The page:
Science News (May 23, 1998)
Reactor Bugs
Janet Raloff

Bacteria can thrive in extreme environments, including the highly irradiated pools of water holding used nuclear fuel rods at the Energy Department's Savannah River Site in Aiken, S.C. Microbes inhabiting this storage depot for test reactor fuel may prove a headache for nuclear waste managers, a new study finds, because the bacteria can corrode and crack the fuel's metal housings.

Though microbiologists have indicted acid-producing biofilms—goo-covered communities of bacteria—in the pitting and perforation of surfaces ranging from water mains to offshore oil platforms (SN: 7/20/85, p. 42), Savannah River's waste managers had expected their system to be immune. Not only do they keep the pools virtually free of nutrients, but the fuel rods in them were supposed to be removed in just a few months.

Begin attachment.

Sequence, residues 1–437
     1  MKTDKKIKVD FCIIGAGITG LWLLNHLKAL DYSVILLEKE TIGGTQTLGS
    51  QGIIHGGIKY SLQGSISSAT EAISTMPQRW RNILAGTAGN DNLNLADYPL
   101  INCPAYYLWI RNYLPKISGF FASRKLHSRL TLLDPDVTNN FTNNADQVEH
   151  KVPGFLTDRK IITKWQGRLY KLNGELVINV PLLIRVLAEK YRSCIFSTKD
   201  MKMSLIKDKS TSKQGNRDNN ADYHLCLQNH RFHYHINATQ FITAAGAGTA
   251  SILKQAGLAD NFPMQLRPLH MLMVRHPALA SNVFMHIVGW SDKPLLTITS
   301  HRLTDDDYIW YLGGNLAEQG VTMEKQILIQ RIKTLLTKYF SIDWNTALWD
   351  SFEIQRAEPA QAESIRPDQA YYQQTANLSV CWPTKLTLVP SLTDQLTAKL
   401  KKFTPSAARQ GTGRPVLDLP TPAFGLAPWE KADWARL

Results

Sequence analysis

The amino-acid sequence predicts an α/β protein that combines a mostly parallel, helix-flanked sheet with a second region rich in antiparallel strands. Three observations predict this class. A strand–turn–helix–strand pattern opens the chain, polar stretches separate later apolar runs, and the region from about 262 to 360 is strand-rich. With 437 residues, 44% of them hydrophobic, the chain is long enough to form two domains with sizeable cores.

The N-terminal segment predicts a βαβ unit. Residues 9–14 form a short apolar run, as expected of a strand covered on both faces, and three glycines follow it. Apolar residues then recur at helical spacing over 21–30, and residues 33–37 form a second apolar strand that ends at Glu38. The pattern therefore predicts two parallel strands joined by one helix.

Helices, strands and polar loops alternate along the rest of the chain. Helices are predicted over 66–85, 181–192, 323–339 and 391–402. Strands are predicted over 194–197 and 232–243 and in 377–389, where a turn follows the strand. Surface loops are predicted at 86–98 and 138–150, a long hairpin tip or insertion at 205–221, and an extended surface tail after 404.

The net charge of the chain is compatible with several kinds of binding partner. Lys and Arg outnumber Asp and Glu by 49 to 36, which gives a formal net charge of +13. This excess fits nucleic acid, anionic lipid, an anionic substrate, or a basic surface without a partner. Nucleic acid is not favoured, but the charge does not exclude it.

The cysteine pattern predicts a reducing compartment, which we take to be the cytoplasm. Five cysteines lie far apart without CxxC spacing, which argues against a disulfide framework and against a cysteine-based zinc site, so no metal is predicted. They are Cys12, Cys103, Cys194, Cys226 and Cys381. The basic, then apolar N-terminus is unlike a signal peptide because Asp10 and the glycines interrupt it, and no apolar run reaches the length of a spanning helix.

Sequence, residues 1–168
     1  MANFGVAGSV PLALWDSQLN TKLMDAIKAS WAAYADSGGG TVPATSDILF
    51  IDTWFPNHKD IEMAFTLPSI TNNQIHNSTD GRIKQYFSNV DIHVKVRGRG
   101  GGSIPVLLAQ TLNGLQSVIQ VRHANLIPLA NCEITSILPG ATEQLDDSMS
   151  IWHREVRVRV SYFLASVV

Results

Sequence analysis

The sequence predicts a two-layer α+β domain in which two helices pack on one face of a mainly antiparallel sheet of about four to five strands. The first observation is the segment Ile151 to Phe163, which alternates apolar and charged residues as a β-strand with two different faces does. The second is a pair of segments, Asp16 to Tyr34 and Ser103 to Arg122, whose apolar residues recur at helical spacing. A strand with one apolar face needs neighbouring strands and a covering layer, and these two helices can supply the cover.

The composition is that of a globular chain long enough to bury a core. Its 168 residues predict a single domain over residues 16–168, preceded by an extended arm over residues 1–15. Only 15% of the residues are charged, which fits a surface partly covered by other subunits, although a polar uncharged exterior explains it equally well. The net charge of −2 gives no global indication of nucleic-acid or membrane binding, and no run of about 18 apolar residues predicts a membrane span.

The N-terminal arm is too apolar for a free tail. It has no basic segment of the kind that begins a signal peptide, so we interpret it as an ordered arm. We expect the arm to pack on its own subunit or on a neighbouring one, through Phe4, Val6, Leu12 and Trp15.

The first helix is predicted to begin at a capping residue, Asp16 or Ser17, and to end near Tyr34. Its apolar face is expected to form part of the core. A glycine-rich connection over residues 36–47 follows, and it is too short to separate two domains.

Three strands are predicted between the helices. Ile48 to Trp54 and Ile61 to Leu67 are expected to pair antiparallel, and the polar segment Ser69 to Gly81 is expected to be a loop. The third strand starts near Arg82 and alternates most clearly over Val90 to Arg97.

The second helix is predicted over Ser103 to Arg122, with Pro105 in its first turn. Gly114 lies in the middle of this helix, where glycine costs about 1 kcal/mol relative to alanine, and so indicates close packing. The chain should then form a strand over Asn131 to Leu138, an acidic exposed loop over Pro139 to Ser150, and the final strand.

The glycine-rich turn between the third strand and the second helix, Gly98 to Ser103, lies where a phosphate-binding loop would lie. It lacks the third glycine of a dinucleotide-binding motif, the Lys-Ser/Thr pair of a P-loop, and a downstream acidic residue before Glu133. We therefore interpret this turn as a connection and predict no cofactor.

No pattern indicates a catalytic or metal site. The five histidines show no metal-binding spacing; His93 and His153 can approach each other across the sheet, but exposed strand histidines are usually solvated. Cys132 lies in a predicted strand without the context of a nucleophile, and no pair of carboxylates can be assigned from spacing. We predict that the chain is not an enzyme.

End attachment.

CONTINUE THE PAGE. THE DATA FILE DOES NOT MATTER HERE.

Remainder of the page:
However, with no program in place for disposing of high-level waste and the site's fuel-recycling program on hold, some fuel rods have remained in storage at Savannah River for 30 years. So Carl B. Fliermans' team at Westinghouse Savannah River Co., which manages the site, decided to probe the pools for bacteria. At the American Society for Microbiology meeting in Atlanta this week, the group reported finding up to 10 million bacteria per milliliter of water.

The team also took clean samples of the fuel rods' metal alloys and submerged them in the pools. Colonies of biofilm-producing microbes formed on the pieces within 3 weeks; after a year, they had induced microscopic pits and fissures. Though even the oldest fuel rods show no overt corrosion, all will be closely monitored. The intent, Fliermans told Science News, "is to nip this thing in the bud"—perhaps using ultraviolet treatments or water filtering.

Bugs in the Reactor (1959)